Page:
Ear infections are the pediatric problem which produces the most visits to the doctor’s office.
Most of these visits, with healthy, growing babies and children, are not needed at all. When I look in the ear with my otoscope, I am looking through the external canal to the ear drum which lies at the end of the canal and transmits sound vibration to the bones and fluid of the middle ear.
The bones of the middle ear are “lubricated” by a mucus-like fluid which then drains from the middle ear into the Eustachian Tube and into the throat. In adults and older kids, this is a nearly vertical drainage tube but in babies and younger kids, it’s nearly horizontal. As you might guess, horizontal drainage of middle ear fluid can be easily slowed or stopped if the mucus gets thicker or if the tube gets inflamed and narrowed.
This leads to a “stagnant puddle of water” in the middle ear which is prone to thickening and/or infection with viruses or bacteria. The fluid accumulates and, lacking the normal drainage through the Eustachian tube into the throat, causes pressure on the ear drum which hurts and shows visible inflammation when I look at it.
When viruses and/or bacteria manage to grow in the fluid, “acute otitis media” can be diagnosed. The traditional treatment with antibiotics has been shown to be quite ineffective and, as a matter of fact, not anymore effective than doing nothing at all during the first three to four days. Most experts now recommend pain control only during the first days of an ear infection, although I think thatsafe alternative care (homeopathy, ear drops, hot compresses, vitamin C, elderberry or echinacea) will improve the healing course.
Please understand that very small babies with fevers and obvious ear pain or children with special conditions and underlying problems deserve a visit to the doctor and your doc may want to use medicine right away even thought antibiotics don’t work as well as we have claimed for decades. The advice here is mainly for healthy full term babies and children whose main problem is fever and ear pain. For most illnesses like this, I tell parents that the best way to evaluate a sick child is from a few feet away when the fever’s down. Most kids will “bounce back” for a little while. They smile a little, play a little and are obviously not very sick.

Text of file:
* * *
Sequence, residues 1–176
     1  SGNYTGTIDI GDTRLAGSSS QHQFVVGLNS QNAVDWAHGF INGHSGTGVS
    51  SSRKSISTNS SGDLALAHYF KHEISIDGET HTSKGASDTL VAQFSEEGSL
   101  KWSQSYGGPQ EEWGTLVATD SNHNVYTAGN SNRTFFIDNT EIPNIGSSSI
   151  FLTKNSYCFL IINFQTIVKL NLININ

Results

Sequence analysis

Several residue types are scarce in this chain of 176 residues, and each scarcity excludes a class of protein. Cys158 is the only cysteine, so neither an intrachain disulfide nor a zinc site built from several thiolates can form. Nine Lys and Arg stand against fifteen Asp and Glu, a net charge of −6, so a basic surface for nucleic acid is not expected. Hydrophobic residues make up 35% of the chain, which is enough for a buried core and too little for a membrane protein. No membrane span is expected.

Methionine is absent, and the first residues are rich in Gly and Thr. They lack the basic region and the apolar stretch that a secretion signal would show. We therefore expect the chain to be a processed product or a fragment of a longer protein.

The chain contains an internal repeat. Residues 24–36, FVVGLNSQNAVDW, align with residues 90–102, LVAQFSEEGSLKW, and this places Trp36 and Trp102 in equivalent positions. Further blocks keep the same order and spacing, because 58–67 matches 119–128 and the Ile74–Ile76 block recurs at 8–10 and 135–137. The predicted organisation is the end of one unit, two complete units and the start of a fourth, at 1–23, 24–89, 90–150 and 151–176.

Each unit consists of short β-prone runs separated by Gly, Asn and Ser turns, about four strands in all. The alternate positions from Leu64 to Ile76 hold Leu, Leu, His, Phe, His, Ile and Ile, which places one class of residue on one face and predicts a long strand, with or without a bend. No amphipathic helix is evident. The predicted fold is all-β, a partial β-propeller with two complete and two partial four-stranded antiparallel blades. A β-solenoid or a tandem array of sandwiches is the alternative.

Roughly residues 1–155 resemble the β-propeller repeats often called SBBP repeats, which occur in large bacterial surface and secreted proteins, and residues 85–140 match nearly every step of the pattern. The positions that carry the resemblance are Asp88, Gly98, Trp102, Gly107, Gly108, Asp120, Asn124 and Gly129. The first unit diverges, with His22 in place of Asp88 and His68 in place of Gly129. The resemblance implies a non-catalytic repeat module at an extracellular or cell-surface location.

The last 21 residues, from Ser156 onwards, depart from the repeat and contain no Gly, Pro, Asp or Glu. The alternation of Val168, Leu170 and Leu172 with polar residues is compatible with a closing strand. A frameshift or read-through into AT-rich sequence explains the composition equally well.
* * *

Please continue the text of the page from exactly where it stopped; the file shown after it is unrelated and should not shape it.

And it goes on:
Ear infections occasionally cause the ear drum to perforate which is in some ways analogous to a pimple popping: The infection may go away and the pain is gone. The ear drum heals and sometimes the fluid reaccumulates but often the infection is gone. The drainage and occasional blood from the ear looks frightening and your doctor may want to have a look. Don’t put drops in a draining ear without first talking to your doctor.
As an ear infection heals, the drum may not look 100 percent normal for weeks or months. The current recommendation is to tolerate the appearance of increased fluid behind the drum for 60 to 90 days.
Ear tubes have very little benefit in the long term and don’t even preserve hearing the way we pediatricians once believed. I have seen them seem to help a lot in the short term when the “ventilation” of the middle ear (a hole poked in the ear drum and kept open by a tiny tube for a year or so) led to a lot less pain, fewer doctor’s visits and less missed school and fun. However, tubes, for the most part, are not worth it.
Treat ear infections with pain control, “watchful waiting” and a call to the doctor when you are uncomfortable.